Plant your own tree on Arbor Day
ANN M. O'PHELANEvery year, Florida's Arbor Day is celebrated on the third Friday in January, which is this upcoming Friday. The day is dedicated to tree planting, caring for trees, and for increasing awareness of the importance of trees.
Published: January 16, 2013
Published: January 16, 2013
The first Arbor Day took place on April 10, 1872, in Nebraska, and was such a success — more than a million trees were planted — that all 50 states now celebrate their own Arbor Days. The exact dates of celebration do vary from state to state as the days are based on the most suitable time to plant trees. In 1970, President Richard Nixon deemed the last Friday in April as National Arbor Day.
Trees are vital to the health of the environment, and when planted can assist with reforestation and in providing wind or heat protection, as well as creating oxygen. They also provide homes for animals such as birds, owls, and insects.
You can celebrate this important day in many ways, including planting a tree in your own yard. It's also a good day to take a close look at the trees you already have growing to ensure that they are insect and disease-free and to see if they need tending to.
If you are planning to plant a tree it is important to choose the right type so it can sustain for many years to come. Florida-Friendly Landscaping offers several suggestions to consider before making your purchase.
Trees that make good choices for the central Florida area include: Red maple, slash pine, laurel oak and American elm; however, the exact location's soil drainage should also be considered beforehand. You can contact your local county extension office for more assistance and also check hort.ifas.ufl.edu/woody/selection.shtml.
When planting new trees, there are a few things to keep in mind in order to ensure proper growth. First, choose a high-quality nursery grown tree. "They have been selected, pruned, and fertilized to produce a strong healthy root system and canopy that will have a greater chance of survival in Florida yards," said Daniel F. Culbert, extension agent III - Environmental Horticulture, UF/IFAS Okeechobee Extension Service, who explained that successful tree establishment is most dependent on regular watering.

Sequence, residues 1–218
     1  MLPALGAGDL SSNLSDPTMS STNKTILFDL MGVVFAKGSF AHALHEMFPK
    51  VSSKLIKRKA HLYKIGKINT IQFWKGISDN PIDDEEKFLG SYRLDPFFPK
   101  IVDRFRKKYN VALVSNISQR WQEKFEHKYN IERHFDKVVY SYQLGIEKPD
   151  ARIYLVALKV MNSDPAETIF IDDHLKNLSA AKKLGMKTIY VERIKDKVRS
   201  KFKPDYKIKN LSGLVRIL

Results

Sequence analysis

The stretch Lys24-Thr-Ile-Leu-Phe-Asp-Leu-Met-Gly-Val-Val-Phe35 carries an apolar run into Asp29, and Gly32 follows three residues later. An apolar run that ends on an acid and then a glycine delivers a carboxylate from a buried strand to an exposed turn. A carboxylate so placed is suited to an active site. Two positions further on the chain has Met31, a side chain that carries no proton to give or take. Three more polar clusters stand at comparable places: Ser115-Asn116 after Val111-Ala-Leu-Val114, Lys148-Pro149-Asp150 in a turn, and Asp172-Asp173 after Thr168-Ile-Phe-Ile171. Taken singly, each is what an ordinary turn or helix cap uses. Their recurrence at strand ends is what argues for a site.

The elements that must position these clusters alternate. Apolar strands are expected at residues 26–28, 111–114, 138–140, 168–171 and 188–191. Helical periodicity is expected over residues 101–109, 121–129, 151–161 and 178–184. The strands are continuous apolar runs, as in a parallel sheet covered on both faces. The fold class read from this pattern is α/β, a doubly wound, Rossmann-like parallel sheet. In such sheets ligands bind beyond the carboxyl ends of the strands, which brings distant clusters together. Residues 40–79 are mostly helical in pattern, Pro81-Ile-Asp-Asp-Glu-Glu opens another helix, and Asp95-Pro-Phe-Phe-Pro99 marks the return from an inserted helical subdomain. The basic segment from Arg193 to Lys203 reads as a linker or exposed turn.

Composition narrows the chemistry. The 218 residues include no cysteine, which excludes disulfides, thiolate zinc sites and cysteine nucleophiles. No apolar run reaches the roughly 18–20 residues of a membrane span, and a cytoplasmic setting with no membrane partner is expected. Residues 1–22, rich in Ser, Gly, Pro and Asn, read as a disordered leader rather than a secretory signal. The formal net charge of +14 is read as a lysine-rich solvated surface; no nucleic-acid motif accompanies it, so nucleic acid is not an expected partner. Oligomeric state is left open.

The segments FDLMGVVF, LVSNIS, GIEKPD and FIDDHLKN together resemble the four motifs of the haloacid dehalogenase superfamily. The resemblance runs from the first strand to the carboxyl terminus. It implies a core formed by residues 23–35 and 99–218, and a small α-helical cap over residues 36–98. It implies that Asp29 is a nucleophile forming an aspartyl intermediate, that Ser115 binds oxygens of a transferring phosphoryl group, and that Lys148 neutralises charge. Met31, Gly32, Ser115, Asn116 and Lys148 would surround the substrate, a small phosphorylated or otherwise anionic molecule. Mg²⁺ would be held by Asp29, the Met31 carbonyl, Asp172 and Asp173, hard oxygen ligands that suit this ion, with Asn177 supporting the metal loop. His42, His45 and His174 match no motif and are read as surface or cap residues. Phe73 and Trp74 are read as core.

Also, be sure to plant your dormant stock in the ground outside and not in pots. "The ground will give your stock the perfect cold/warm environment to stay dormant and establish root growth, " said Ashley Zerr, member services representative, Arbor Day Foundation.
UF Gardening in a Minute recommends that once you choose the right site, you should dig a hole at least one-and-a-half times the diameter of the root ball and no deeper. Then, place the tree in the hole, ensuring that the roots in the top of the root ball are one to two inches above the surrounding soil. Lastly, replace the soil around the tree and pack it firmly with your foot in order to stabilize it.
Fertilization is something to avoid when initially planting because many additives actually work against the successful growth.
"Over-fertilization may burn new tender roots," said Culbert, who explained that nursery-grown trees often do not require fertilization, as they already have time-release nutrients in the potting soil.
Also, consider a long-term-maintenance plan. "Determine who will keep an eye on it for the first year, in order to get the tree established," said Culbert. Those who will be responsible for any pruning, pest management or fertilization in years to come should also be decided.
Although Florida's Arbor Day is just days away, next year you might consider creating your own Arbor Day program.
"Try a local service organization, school, or youth group. Look for a place in the community that really needs a tree, and ask the property owner if they would like to participate," suggested Culbert.